Methodically is another great description to shop effectively on this date you MUST HAVE A PLAN. There is no leisurely shopping, there is strategic if you are trying to get that "sale". I see most going with a group so they can hit seperate aisles at the same time to get everything they wanted.

I aslo think the weak economy brought out more shoppers than usual. People who usually couldnt afford it, felt that they had to have this sale they couldnt afford either because of what they saved.

The origins of the holiday and what they tell us it is now is far from the truth, but our family rarely gets together so its become a day that we can spend with each other and relax. The kids can play, adults can reminince about life.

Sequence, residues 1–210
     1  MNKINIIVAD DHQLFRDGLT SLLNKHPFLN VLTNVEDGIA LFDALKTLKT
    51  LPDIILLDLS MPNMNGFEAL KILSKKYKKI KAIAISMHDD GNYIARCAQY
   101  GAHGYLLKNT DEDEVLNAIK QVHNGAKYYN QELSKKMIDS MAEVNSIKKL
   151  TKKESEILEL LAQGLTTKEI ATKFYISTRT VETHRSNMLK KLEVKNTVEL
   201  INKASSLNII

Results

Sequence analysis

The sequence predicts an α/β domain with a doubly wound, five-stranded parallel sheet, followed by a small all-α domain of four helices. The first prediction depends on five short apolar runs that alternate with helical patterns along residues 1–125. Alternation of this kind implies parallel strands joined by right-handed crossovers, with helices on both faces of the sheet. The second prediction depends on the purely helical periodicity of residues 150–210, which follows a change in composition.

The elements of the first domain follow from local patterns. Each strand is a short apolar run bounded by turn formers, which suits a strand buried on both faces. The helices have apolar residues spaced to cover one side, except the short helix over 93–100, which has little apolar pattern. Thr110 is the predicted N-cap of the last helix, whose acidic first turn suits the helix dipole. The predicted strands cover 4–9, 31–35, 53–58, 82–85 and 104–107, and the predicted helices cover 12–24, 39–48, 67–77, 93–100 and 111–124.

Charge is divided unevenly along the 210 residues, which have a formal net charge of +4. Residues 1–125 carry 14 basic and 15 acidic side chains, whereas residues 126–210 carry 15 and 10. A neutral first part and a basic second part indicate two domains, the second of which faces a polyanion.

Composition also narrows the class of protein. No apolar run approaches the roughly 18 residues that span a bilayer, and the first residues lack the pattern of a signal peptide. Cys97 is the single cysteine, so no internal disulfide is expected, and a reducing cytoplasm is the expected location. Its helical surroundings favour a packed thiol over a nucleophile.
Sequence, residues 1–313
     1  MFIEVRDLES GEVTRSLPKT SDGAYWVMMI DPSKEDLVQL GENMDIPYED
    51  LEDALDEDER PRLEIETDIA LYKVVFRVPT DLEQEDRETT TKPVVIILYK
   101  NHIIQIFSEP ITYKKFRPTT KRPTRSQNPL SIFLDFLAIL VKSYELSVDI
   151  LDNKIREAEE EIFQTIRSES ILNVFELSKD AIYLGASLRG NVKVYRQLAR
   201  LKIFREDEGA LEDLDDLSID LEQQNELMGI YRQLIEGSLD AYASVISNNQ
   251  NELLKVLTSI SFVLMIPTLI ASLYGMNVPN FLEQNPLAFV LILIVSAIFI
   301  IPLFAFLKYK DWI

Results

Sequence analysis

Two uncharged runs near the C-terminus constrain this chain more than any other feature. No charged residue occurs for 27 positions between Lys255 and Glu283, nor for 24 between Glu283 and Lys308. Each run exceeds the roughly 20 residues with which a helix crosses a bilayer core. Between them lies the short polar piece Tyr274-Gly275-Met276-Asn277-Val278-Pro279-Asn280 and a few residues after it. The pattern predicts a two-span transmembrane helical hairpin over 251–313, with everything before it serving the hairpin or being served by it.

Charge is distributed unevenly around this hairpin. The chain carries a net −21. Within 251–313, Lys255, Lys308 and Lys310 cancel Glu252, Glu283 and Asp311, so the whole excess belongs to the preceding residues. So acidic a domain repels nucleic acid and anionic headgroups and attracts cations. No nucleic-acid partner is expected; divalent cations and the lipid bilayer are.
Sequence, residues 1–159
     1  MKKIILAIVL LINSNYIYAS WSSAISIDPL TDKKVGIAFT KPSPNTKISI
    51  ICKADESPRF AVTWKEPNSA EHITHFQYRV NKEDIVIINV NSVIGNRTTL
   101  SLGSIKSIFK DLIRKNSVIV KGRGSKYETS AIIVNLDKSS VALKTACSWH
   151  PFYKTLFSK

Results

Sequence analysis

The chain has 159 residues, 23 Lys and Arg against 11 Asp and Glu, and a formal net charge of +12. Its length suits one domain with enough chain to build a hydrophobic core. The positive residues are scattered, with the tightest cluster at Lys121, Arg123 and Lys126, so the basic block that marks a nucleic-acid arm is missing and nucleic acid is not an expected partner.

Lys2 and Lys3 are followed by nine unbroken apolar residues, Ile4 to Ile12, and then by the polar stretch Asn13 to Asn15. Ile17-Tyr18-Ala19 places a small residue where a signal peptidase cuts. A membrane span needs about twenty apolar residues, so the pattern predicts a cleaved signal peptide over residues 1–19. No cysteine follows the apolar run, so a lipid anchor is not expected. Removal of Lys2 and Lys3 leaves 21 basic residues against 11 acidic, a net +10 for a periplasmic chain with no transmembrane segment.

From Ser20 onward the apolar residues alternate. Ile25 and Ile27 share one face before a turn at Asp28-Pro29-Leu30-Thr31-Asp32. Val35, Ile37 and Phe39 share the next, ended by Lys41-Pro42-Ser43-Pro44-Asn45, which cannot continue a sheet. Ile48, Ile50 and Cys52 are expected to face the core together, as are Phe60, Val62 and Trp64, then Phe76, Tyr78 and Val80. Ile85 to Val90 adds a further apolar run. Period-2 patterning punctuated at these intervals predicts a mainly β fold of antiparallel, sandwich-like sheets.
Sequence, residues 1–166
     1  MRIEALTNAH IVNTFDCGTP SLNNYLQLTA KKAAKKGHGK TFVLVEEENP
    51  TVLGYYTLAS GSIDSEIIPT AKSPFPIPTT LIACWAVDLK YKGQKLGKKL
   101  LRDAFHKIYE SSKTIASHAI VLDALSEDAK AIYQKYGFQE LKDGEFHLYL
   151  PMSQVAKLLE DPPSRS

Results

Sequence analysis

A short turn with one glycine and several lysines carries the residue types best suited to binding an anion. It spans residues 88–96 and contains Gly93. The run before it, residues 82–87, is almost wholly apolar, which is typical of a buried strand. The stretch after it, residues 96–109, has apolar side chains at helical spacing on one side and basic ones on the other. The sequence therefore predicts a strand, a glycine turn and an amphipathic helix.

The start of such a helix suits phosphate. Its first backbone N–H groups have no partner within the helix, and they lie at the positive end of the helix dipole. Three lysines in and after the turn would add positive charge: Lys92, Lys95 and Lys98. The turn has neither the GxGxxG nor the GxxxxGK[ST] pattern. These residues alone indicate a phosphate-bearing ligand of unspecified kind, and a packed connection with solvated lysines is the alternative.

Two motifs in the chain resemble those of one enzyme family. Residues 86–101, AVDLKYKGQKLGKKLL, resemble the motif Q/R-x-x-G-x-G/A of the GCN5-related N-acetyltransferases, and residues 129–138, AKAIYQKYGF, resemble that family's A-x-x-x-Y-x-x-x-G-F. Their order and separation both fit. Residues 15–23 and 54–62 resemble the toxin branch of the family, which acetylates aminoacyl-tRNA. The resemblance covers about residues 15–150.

Anywho great post...

Max Reddick said...

@Anna Renee

Thank you for the generous compliment! And I got you blog rolled.

@River Glorious

I truly believe we introduce an unnecessary level of anxiety in our lives during this season. We should be relaxing and enjoying our families, but we are running around trying to buy stuff and create more bills and headaches for ourselves.

@Prof Geo

Well, I have divorced myself from the whole X-mas buying ritual; however, I can't get my wife to buy into the program. But on the bright side of it, I get a day of peace and quiet and a little alone time while she and the kids are out doing battle with the crowds.

@md20737

And I do have a plan. My plan is to sit back and watch this whole thing unfold. I do look forward to spending time with my family though.